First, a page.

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BLOG: Calming those competition nerves

Emma Booth - © Geoff McLean (single blog use only)

Not everyone finds it easy to stay relaxed before a dressage test!

© Geoff McLean

 

By Emma Booth

What causes some riders to have increased anxiety prior to competing compared to others? Why do we react to competition environments the way we do? What should we consider to be the right level of nerves pre-comp? How do we change the way we feel in the lead up to riding our test, and will this ultimately affect our scores in the ring?

Everybody has different levels of apprehension before competing. Some riders are extremely uneasy, and can experience varying physiological signs of nervousness including increased heart rate, sweating, becoming short of breath, trembling or shaking, feeling nauseous or experiencing butterflies or pain in the stomach. On the other hand, there are some riders that are able to get in the saddle as if it’s any other training day at home and feel absolutely no change in mood or physical responses what so ever.

If we allow ourselves to get too worked up prior to competing, some find it hard to get these nerves under control again once in the saddle. This can have a negative impact on your performance, as your concentration is compromised and you are not fully focused on the task at hand. Whether you’re riding a dressage test, entering a jump off, or doing some campdrafting - all disciplines require your full attention, and you’re therefore going to achieve a higher standard of riding when you are confident and focused.

 A small amount of nerves is fine and can perhaps give you a little bit more of an edge, but it is very important to find the right balance. I think that a few nerves can be a good thing, as long as they are not affecting your performance.

I myself am not a rider that gets overly anxious prior to competing, however I used to be. Particularly before dressage, I would get extremely nervous and the butterflies were always very evident. I have discovered that for me to stay relaxed and calm on competition days, I need to keep busy in the lead up to riding. If I sit and do nothing, I can start to get a few butterflies in the tummy. I keep busy doing things so that I don’t have long periods to sit and get worked up. I like being around the horses prior to competing as well. I like having times written down so I know what we need to do and when. If I’m around the horses I can see when things are being done and if we are ahead or behind schedule - I find knowing this eases my mind. When I am away and unaware of these things, I tend to worry about it more. This probably sounds odd and could be the opposite for some people - out of sight, out of mind kind of thing. If you are unaware that things are behind schedule, you can’t get anxious about running late.

My point is, there is no right or wrong answer, it’s just about figuring out what works for you. Everyone is different, and it’s therefore your job to be aware of what situations make you worried, and in contrast what the environment is like when you are at ease and feeling good.

Each rider needs to think about what triggers them to become nervous, and work towards putting in place a pre-competition plan that prevents circumstances that build anxiety. For example, it could be talking to people that heightens your angst, in which case, keep to yourself prior to riding and avoid people as much as possible. It’s also a good idea to let the team of support people around you know how you would like the environment to be before getting in the saddle. If you want to be left alone, it’s not a bad thing to give those close to you a heads up, so that they understand why you might be acting the way you are, and how they can behave to ultimately help you get in the right mindset for competing.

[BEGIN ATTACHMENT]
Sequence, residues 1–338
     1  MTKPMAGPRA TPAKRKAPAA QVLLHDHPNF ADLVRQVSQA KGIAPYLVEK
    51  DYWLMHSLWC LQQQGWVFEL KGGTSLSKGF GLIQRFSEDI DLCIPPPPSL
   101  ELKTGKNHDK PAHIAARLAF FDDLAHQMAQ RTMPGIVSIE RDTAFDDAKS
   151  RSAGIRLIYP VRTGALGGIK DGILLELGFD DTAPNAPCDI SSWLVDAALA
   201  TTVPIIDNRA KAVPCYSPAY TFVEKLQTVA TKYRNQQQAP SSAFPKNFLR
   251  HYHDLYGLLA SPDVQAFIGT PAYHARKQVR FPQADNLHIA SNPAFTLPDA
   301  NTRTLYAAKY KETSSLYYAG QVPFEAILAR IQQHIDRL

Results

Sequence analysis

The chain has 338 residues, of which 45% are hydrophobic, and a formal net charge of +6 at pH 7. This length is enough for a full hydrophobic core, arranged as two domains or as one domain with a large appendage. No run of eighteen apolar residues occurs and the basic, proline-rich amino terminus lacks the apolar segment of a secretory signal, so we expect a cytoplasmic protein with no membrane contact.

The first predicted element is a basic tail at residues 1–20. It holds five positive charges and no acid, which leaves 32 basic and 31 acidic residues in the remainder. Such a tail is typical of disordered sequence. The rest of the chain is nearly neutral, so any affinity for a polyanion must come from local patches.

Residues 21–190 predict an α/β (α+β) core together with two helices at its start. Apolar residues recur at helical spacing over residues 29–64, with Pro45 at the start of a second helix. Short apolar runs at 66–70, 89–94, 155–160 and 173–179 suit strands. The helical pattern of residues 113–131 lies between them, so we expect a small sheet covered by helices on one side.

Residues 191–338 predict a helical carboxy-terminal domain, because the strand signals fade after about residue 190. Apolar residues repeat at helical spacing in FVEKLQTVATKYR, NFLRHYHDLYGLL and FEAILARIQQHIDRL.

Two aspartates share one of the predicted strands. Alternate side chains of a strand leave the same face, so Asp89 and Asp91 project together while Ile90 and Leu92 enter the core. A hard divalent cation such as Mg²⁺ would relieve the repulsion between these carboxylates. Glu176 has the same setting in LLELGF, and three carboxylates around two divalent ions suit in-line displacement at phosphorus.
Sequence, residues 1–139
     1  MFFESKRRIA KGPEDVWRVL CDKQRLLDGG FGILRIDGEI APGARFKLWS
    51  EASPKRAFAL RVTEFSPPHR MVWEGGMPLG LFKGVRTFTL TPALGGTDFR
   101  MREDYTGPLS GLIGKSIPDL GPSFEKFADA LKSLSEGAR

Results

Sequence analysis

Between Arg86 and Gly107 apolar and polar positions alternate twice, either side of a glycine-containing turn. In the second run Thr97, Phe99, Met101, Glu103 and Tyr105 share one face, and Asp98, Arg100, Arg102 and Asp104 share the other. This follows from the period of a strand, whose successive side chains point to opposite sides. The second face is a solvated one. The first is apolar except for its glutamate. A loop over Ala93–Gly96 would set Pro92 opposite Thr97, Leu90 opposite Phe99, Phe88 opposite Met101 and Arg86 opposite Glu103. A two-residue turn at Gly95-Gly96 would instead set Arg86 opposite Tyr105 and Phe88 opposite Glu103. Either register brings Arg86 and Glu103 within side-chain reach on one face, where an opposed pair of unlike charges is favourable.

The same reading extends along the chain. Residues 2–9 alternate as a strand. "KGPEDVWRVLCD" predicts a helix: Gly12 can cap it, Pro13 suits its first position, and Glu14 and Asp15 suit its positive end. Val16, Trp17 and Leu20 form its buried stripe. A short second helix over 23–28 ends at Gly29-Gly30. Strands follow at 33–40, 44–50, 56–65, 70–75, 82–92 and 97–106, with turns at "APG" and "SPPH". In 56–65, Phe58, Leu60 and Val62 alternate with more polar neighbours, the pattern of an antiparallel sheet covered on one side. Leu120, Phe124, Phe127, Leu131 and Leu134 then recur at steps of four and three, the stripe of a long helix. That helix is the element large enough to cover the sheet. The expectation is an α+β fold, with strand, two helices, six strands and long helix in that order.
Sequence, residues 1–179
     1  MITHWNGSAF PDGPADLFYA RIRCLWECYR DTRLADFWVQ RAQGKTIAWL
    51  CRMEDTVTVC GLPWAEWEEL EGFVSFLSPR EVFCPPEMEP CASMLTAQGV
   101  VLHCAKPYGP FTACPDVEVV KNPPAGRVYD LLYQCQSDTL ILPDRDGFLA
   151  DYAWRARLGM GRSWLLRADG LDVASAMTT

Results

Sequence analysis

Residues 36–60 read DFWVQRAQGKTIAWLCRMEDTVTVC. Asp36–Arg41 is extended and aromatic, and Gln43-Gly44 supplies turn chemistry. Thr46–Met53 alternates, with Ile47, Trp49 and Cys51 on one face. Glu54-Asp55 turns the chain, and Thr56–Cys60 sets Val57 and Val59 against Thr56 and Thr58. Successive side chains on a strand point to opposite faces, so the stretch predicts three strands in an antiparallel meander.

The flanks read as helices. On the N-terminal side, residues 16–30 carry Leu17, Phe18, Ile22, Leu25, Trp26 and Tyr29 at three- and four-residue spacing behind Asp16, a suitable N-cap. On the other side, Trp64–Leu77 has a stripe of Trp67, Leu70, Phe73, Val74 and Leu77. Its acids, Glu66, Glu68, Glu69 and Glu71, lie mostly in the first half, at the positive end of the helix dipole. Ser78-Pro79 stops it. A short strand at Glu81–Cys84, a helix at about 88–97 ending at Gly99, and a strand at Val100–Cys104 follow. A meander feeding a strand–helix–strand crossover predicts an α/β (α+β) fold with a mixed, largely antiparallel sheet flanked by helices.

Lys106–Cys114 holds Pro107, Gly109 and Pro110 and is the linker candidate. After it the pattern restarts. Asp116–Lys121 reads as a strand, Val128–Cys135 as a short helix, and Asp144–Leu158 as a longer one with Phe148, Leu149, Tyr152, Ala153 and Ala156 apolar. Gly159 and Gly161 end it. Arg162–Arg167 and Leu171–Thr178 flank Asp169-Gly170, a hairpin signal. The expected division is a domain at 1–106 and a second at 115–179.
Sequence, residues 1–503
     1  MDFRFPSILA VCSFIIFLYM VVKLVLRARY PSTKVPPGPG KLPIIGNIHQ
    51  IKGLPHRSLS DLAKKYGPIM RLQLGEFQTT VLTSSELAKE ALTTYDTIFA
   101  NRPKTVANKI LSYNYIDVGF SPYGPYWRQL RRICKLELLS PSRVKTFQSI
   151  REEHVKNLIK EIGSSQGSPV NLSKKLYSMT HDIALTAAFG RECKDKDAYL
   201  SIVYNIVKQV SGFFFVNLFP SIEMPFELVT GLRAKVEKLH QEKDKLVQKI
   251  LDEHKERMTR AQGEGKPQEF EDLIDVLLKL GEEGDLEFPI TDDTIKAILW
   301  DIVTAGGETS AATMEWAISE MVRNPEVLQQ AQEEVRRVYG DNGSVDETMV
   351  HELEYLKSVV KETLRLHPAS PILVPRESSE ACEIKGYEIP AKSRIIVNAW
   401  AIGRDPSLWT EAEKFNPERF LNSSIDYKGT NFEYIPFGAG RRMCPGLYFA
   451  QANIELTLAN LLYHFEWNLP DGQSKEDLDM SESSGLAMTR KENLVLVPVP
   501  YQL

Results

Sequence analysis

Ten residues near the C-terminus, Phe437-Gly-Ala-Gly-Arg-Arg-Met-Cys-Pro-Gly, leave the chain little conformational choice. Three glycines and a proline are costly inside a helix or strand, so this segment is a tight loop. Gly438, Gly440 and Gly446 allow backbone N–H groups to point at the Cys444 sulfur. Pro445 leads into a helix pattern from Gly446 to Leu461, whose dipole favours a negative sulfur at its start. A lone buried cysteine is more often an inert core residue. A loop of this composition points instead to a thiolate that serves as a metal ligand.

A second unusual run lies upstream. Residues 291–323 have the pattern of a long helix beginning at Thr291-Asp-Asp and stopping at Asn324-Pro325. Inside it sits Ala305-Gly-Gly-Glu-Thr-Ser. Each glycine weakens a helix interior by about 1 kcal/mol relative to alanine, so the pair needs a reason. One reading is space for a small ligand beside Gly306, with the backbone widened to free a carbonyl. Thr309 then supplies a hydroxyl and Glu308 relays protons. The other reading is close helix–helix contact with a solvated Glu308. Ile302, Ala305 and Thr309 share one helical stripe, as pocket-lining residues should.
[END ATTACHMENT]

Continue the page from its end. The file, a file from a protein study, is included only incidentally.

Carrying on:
Emma Booth - © Geoff McLean (single blog use only)

On competition day, make sure you focus on you.

© Geoff McLean



My simple but hopefully helpful tips to keep your nerves at ease are:

1.    Focus on you – don’t get caught up in thinking about what others are doing or the competition you are up against. Stick to yourplan and be confident about what you are doing. There is no use in concerning yourself about others, try to just think about yourself.

2.    Have fun – if you are enjoying what you are doing and having fun, you are naturally going to relax and ride better. There is no point being out there in the competition ring if you’re not enjoying yourself or performing with your horse.

3.    Positive self-talk – it is so important to stay mentally positive in the lead up to a show. Thinking negatively about how you and/or your horse are going in training before a competition, will only add to your anxiety when you get to a venue to perform. Stay positive about yourself, your routine, your preparation and your goals - despite sometimes facing hiccups along the way - and mentally you will be all the better for it come competition time. 

4.    Trust your training – have confidence that the work you have put in during the lead up is adequate. Trust your physical abilities and trust your horse’s ability. Think about the times when you have nailed each test movement in training and let those positive moments take over your thoughts. Thinking about the fact that you can do it, is more productive than worrying about if you don’t do it in competition. Nothing positive comes from these concerns.

5.    Goal setting – it is important to set goals before competing so that you are always aiming for something in particular. It is not useful to set impractical goals that are probably not immediately achievable. Set realistic, honest goals and think about these before you ride.
 

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